Despite a patchy policy picture on home turf, he still sounds confident that traditional meat’s baked in competitive advantage is shrinking — and will shrink further in the coming years — as alt protein players scale up production, optimize their processes and tap into better economies of scale. And, also, as harsher economic conditions bite.

“As we scale up — and [remember] animal farming has been around for centuries and has been totally optimized — so as we’re scaling I think we’re also A) finding better technology, more efficient technology to produce but B) also have large scale obviously — so we can optimize costs quite a bit,” he predicts.

He also points to “adverse inflation” working against animal protein production as it gets more expensive to produce meat — given animals must be fed protein to produce the meat humans eat and that’s a far less efficient means of producing edible protein for humans than getting it direct from plants. “Overall we see meat prices rising as they’re way more prone to inflation given their lower conversion ratio of protein than alternative proteins — and I think that is one of the key measures [we’re] improving.”

“Last but not least, one of the tricky [issues] to overcome is that animal meat is typically used by retailers as a way to get customers in the door so typically they put lower margins on animal meat vs alternative proteins which typically are used as higher margin products by retailers,” he adds — hence that’s why Planted does direct distribution, b2c, to customers (and presumably also explains its early focus on building relationships with restaurants so they’re supporting the product in how they’re putting it on their menus).

Planted Exec Board - f.r.t.l - Pascal Bieri Judith Wemmer Christoph Jenny Lukas Böni

Planted executive board, from right to left: Pascal Bieri, Judith Wemmer, Christoph Jenny and Lukas Böni (Image credits: Planted)

“Working on these three things we see the gap shrink quite quick over the next couple of years,” he continues, emphasizing that the team is certainly not hanging around waiting for policymakers to roll out a red carpet for green foodtech but is strategizing hard to make growth happen despite all the ingrained challenges. “What we focus on is what we can impact day by day. We really focus on optimizing our production processes, and simplifying things and making sure that we don’t rely on any policymakers to make the changes — but rather we put ourselves in a position to get to prosperity.”

More problematic than policymakers being slow in serving up their fulsome support, Jenny suggests, is the role of meat industry lobbyists working actively against reform of the food system by trying to undermine adoption of alternative proteins. “The bigger issue is that lobbyists, very strong nationalist lobbyists — on the animal farming side — try to counteract us on a day to day basis, doing that on the European level or in local government,” he tells us. “A good example is the amendment 171 they wanted to pass to forbid plant-based milk.

“France for example is super aggressive that you cannot relate to any animal what we’re doing. So I think that’s the fundamental issue. Then the subsidies that come out of these policy struggles. So I think we find ourselves, on a day-to-day basis on the legislation side, rather in a back-and-forth — rather than moving forward and fixing the broken food system together. And we’re losing time day by day to really reduce our food’s carbon footprint on that side.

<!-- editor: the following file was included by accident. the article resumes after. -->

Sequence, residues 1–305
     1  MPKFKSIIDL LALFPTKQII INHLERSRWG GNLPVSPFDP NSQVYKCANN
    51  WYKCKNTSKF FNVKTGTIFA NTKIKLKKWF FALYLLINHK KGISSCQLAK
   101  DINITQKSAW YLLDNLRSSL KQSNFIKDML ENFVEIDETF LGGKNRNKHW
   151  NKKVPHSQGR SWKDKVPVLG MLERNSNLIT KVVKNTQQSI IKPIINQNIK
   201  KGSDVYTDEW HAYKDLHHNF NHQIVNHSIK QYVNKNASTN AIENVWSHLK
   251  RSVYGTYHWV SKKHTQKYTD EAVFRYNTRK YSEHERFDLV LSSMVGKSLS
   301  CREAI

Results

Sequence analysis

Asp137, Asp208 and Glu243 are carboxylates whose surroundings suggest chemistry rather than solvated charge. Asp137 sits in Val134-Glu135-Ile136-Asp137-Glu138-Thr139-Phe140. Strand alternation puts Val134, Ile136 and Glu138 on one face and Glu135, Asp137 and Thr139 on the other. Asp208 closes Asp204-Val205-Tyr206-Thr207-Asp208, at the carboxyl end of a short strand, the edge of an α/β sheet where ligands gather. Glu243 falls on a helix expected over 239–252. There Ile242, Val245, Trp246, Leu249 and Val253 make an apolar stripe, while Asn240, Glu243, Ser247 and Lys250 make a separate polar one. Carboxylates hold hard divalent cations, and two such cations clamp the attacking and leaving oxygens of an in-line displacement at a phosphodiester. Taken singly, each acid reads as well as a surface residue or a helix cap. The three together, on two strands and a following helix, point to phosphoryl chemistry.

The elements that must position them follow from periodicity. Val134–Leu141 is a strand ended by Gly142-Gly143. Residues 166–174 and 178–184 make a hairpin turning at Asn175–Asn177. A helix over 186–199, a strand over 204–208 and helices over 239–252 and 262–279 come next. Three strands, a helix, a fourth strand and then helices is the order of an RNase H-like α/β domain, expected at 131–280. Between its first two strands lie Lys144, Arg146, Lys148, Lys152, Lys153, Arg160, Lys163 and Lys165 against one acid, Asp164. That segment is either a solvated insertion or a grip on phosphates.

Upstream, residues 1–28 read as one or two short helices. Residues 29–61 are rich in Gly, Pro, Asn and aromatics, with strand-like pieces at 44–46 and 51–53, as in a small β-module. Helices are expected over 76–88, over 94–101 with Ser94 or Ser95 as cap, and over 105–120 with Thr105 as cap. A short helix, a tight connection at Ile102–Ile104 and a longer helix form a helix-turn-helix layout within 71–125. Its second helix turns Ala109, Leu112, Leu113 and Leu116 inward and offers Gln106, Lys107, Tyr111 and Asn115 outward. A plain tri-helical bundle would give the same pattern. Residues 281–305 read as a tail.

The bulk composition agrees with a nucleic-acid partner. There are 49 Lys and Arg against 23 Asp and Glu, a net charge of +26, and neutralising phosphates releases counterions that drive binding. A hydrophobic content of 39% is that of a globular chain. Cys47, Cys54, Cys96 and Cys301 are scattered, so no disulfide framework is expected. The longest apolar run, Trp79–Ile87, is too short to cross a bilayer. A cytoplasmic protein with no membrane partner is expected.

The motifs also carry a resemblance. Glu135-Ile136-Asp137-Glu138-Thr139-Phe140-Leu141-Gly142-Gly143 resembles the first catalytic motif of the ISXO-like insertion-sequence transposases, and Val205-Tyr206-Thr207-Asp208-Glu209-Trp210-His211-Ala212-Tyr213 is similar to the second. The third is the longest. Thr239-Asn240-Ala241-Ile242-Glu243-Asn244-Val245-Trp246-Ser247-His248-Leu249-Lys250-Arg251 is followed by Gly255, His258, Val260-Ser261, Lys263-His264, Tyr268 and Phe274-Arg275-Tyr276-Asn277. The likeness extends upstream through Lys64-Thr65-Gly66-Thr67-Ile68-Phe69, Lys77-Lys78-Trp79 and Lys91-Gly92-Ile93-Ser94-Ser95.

“That’s the daily struggle and the reality. So while the green new deal sounds promising the daily struggle with lobbyists and the economical power of the animal farming system is the reality.”

As well as competing with unreasonably cheap animal-derived meat — and fending off vicious attacks from the meat lobby — Planted is also of course competing with a growing number of alternative protein startups.

Plant-based rivals include the likes of Beyond Meat (mock chicken, burgers etc), Heura (mock chicken), Future Farm (fake mince, sausages, burgers), Impossible Burger (faux bloody burgers), and Juicy Marbles (vegan steaks), to name just a few meat-challenger startups in an increasingly-packed-like-sardines but branded-like-fancy-chocolate playing field (yes, plant-based fish is also a thing).

As if that wasn’t enough, there are also lab-grown meat plays trying to disrupt traditional animal farming by growing meat from cells to sell cruelty-free meat. (Aka, lab-grown meat or cultured meat). As well as liquid meal replacement purveyors, like Soylent, pushing the notion that there’s no need to even chew dinner… So the competition for disrupting traditional protein sources is colorful, plentiful and growing.

That makes differentiation between disruptors another potential challenge. How to make your fake chicken or faux pork stand out from other vegan alternatives?

Albeit, the size of the global meat market is more than massive enough to accommodate many different brands and approaches, given every human has to eat (and people’s food tastes will differ). So this should be a case of a rising appetite for alt proteins growing the size of the pie rather than a winner takes all scenario. Just so long as consumers can be convinced, en masse, to chow down on proteins that haven’t demanded animals are reared for slaughter as the price of eating dinner.